It’s exciting to see Shyamalan on such confident footing once more, all these years later.
"Despicable Me” begins with the truth that villains are often more fascinating than heroes and creates a villain named Gru, who freeze-dries the people ahead of him in line at Starbucks and pops children's balloons. Although he's inspired by many a James Bond bad guy, two things set him apart: (1) His vast mad scientist lair is located not in the desert or on the moon, but in the basement of his suburban home, and (2) He dreams not of world control so much as merely dominating the cable news ratings as the Greatest Villain of All Time.
Gru is voiced by Steve Carell, who gives him an accent halfway between a Russian mafioso and a crazed Nazi. His life is made more difficult because his mother (Julie Andrews) sometimes gets on his case. Memories stir of Rupert Pupkin in his basement, yanked from his fantasies by his mother's voice. Gru's most useful weapon is the Insta-Freeze Gun, but now, with the help of his genius staff inventor Dr. Nefario (Russell Brand), he can employ a Shrink Ray.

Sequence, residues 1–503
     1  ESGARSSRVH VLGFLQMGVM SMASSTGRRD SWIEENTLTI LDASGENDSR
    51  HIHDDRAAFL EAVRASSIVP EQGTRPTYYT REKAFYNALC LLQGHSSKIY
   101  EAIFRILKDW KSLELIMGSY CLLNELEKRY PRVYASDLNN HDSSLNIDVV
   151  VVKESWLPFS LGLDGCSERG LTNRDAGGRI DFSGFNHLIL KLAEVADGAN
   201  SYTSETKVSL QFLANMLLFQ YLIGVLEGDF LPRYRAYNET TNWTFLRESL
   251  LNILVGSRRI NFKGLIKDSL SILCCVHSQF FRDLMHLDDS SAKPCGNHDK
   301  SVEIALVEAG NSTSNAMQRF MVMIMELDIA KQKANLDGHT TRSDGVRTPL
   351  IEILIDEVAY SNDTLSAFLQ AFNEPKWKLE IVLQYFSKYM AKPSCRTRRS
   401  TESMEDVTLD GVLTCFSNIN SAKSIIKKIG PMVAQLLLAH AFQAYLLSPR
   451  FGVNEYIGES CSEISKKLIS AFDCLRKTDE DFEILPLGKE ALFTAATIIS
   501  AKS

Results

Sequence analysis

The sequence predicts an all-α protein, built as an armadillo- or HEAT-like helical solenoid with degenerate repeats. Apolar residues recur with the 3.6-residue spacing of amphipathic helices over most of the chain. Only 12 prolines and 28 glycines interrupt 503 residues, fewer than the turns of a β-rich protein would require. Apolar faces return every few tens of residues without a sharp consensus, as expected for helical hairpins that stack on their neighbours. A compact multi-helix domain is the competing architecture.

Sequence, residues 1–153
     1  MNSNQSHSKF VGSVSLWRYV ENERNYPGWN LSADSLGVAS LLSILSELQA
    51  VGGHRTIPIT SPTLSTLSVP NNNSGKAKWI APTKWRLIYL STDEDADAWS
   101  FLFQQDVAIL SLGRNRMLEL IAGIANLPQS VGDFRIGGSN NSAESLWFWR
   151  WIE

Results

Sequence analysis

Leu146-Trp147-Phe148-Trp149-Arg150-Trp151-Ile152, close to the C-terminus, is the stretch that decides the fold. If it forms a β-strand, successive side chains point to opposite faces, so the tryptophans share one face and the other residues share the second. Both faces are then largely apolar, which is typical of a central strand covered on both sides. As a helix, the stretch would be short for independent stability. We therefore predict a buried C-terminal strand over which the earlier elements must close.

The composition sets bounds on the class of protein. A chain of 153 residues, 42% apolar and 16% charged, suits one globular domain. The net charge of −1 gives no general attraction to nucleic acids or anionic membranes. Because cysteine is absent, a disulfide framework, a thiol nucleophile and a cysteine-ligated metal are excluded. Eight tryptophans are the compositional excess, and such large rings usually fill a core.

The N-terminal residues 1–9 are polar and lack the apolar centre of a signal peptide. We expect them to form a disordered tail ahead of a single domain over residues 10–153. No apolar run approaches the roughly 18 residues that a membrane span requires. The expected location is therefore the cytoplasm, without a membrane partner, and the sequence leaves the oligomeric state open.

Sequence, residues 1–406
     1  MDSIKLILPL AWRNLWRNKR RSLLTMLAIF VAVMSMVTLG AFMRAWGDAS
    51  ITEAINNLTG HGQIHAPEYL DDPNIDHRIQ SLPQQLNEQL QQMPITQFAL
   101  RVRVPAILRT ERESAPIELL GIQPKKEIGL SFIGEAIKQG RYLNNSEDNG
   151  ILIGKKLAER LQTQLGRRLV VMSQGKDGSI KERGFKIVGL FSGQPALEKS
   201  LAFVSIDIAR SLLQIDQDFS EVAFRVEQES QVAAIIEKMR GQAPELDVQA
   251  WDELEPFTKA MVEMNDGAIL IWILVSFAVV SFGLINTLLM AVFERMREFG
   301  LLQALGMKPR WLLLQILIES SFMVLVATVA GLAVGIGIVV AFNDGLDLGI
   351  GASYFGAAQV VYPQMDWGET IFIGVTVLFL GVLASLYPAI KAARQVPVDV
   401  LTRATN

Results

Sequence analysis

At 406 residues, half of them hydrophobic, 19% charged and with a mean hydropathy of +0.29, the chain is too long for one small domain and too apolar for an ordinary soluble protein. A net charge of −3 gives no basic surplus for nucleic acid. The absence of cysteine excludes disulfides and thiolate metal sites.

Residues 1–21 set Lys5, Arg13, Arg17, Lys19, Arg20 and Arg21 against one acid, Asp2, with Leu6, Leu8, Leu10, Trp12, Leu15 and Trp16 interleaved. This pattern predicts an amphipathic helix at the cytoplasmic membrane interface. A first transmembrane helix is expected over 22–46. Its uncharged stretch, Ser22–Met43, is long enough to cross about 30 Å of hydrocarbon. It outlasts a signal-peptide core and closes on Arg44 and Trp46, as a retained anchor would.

Just as global-scale villainy is looking promising, Gru is upstaged by his archrival Vector (Jason Segel), who steals the Great Pyramid. Since that pyramid was previously pounded to pieces by the Transformers, the Egyptians should establish a CGI-free zone around it.
Gru is cheered ever onward by his faithful minions, who are, in fact, called the Minions, and look like yellow exercise balls with one or two eyes apiece. The principal responsibility of the Minions is to cheer for Gru, who addresses them as if he's running for office. He hatches a plan to use the Shrink Ray and steal no less than the moon itself, and explains it to the Minions with a plan that reminded me of nothing so much as the guy in the joke who plans to get the gorilla down out of the tree using only a broomstick, a pair of handcuffs and a savage Dalmatian dog.